|Mixed Muslim message in 'war on
By Sreeram Chaulia
It is exactly 15 years since Samuel Huntington's iconic
article appeared in Foreign Affairs journal to predict that
the centuries-old cultural clash between "Islam" and the
"West" will "become more virulent".
Today, if one examines the positions of the 57 member states
of the Organization of the Islamic Conference (OIC) on the
West's "war on terror", Huntington appears to be belied. The
majority of them (with exceptions of "radical" states like
Iran, Syria and Malaysia) lend territorial and/or military
assistance of different shades to the US's "war on terror".
Human Rights Watch, the New York-based non-governmental
organization, has just disclosed that the US Central
Intelligence Agency (CIA) clandestinely transported at least
linked to the "war on terror" to Jordan, which was the top
rendition destination from 2001 to 2004. Jordan's General
Intelligence Department allegedly interrogated and tortured
these non-Jordanian Muslim suspects on behalf of the CIA.
Due to their questionable status in international law,
renditions have been conducted in a hush-hush manner,
irrespective of the destination country.
However, the case of Jordan is unique because it is a
Muslim-majority country in which the "war on terror" is
vastly unpopular and inflammatory. Knowledge of the
Jordanian government's collusion with its American ally on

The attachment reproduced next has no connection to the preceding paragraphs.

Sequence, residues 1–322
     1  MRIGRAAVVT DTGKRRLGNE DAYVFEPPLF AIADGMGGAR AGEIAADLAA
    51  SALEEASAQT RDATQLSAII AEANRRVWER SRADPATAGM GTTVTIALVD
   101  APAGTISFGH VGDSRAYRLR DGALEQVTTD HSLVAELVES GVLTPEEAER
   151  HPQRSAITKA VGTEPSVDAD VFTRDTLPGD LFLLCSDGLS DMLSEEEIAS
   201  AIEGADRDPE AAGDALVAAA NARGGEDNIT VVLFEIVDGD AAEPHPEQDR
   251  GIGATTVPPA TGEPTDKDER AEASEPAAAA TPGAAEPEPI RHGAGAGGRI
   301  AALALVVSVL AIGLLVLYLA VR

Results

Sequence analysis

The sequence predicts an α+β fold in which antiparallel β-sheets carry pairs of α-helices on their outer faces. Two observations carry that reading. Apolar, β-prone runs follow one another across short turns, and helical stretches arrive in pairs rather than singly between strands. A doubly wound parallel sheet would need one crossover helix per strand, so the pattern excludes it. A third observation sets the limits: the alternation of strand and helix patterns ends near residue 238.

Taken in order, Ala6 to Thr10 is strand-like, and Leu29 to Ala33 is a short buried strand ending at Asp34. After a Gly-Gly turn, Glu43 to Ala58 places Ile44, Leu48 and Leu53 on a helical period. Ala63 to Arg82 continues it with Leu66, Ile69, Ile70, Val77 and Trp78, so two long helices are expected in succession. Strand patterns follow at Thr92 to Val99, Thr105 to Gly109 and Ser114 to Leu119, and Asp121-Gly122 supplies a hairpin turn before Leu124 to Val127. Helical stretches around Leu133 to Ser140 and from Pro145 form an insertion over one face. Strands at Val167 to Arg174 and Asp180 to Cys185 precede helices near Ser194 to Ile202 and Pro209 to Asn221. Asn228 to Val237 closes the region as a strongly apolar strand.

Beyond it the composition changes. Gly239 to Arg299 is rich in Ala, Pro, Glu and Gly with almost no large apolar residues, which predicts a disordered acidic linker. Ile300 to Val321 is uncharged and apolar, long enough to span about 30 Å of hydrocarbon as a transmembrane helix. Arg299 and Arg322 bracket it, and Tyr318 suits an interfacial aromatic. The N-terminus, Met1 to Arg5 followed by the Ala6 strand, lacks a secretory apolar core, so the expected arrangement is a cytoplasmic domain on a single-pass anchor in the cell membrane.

such a sensitive issue could have flared up extremist
violence in the Arab country. By shrink-wrapping
US-Jordanian collaboration in the "war on terror" beyond
public gaze, Amman tried to shoot two birds with one shot -
cement elite-level ties with Washington and deny dissenters
and Islamists new fodder to resist the monarchy.
An identical process has been unfolding in several other
Muslim-majority countries since the George W Bush
administration embarked on a global campaign to counter
perceived terrorist threats. The British Broadcasting
Corporation revealed last month that soldiers of the United
Arab Emirates (UAE) are participating in dangerous
full-scale operations alongside US troops in Afghanistan.
While their stock task is to "deliver humanitarian aid to
fellow Muslims", they are also reported to be "fighting
their way out of Taliban ambushes". Typical to the pattern,
the BBC said, "Until now, their deployment has been kept so
secret that not even their own countrymen knew they were
here." As a sidelight, it was also added that Jordanian
forces were carrying out base security duties in Afghanistan
But for the investigative penchant of media and rights
watchdogs, it is unlikely the people of Jordan or the UAE
would have known that their armies and intelligence agencies
were serving under the much-despised American banner.
Similarly, great controversy envelops the exact role of
Pakistan's armed forces and intelligence in aiding the
American effort to eliminate the Taliban and al-Qaeda in the
restive borderlands abutting the Durand Line that separates
Pakistan and Afghanistan. Over the years, numerous claims